Fire Fighting in Canada

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Comment: September 2012

At first, other than the Focus on Fitness section starting on page 46, I didn’t think there was a theme to the magazine – rather it was to be a  hearty mix of feature stories, thoughtful analyses and how-to columns that would satisfy readers of all ilk.

September 6, 2012
By Laura King


Topics

At first, other than the Focus on Fitness section starting on page 46, I didn’t think there was a theme to the magazine – rather it was to be a  hearty mix of feature stories, thoughtful analyses and how-to columns that would satisfy readers of all ilk. But when I flipped through the stories and columns in late August, I saw the forest for the trees: Politics is the theme, and there’s plenty of it.

Two of our columnists – Vince MacKenzie in Volunteer Vision on page 18 and Peter Sells in Flashpoint on page 86 – take different approaches to the end of the trial in Meaford, Ont., after the last of six charges under the Occupational Health and Safety Act was dismissed in August. If nothing else, the charges and the trial sparked some interesting debate about the way the Ontario fire service governs itself through the Ministry of Labour’s Section 21 guidelines on occupational health and safety. Some believe the charges should never have been laid and that the ministry was on a witch hunt; others are frustrated that there was so much pushback from the fire service, particularly in rural Ontario, over the ministry’s handling of the issue and wonder how the fire service is to proceed with integrity and credibility after the ministry’s case was so handily dissected.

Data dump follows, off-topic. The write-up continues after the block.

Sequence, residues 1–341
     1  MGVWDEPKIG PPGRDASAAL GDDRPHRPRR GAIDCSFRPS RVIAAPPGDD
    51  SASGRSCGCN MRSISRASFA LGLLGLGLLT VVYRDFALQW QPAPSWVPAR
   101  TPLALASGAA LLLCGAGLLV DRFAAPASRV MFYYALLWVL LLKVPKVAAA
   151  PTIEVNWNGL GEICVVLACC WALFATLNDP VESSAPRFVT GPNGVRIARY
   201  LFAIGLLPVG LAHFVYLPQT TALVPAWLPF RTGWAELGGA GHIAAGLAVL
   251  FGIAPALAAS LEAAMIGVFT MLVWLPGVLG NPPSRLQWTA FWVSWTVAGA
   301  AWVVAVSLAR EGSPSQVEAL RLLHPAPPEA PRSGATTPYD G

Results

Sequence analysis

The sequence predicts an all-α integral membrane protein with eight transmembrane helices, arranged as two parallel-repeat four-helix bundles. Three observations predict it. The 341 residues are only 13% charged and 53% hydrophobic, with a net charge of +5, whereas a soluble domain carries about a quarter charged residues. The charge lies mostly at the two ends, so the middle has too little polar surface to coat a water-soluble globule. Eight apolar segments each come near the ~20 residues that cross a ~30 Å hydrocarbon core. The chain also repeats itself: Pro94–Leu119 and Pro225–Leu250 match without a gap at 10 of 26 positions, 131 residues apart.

Elsewhere, Sean Tracey in his NFPA Impact column on page 22 examines the issue of mandatory sprinklers in retirement homes. In the absence of clear guidance (in Ontario in particular) Tracey offers practical advice for chiefs and fire-prevention officers who are accountable for approval of the fire-safety plans for these facilities. By the time you read this, a committee that is looking at improving fire safety for seniors and other vulnerable residents was to have met a second time, and recommendations are expected this fall after years of pushing by the Ontario Association of Fire Chiefs and other groups for action.

Les Karpluk and Lyle Quan tackle a different conundrum in their Leadership Forum column on page 34 – the delivery of service in an increasingly challenging political and financial climate – while Kevin Foster in his Straight Talk column on page 36 pontificates about the longstanding motto of doing more with less and wonders how Alan Brunacini’s Mrs. Smith will cope when resources are so thoroughly massacred that everyone is doing less with less.

“The fire service must take a leadership role to continue to ensure that our communities have available the necessary emergency response services, regardless of who provides what,” Foster writes.

Foster’s thesis speaks to Karpluk and Quan’s point about service-delivery models but includes other agencies, from non-governmental organizations to service clubs and even labour inspectors – a community forced by politics to work together in challenging times to provide first-rate customer service.

While everyone wants the best for Mrs. Smith, helping municipal politicians and bureaucrats understand the importance of a co-ordinated, seamless and cost-effective response is the challenge for fire-service leaders.

Or, as Karpluk and Quan put it, “Proactively demonstrate your leadership; if you don’t, you will be told what to do and how to make it happen. Be the master of your destiny any way you can.”


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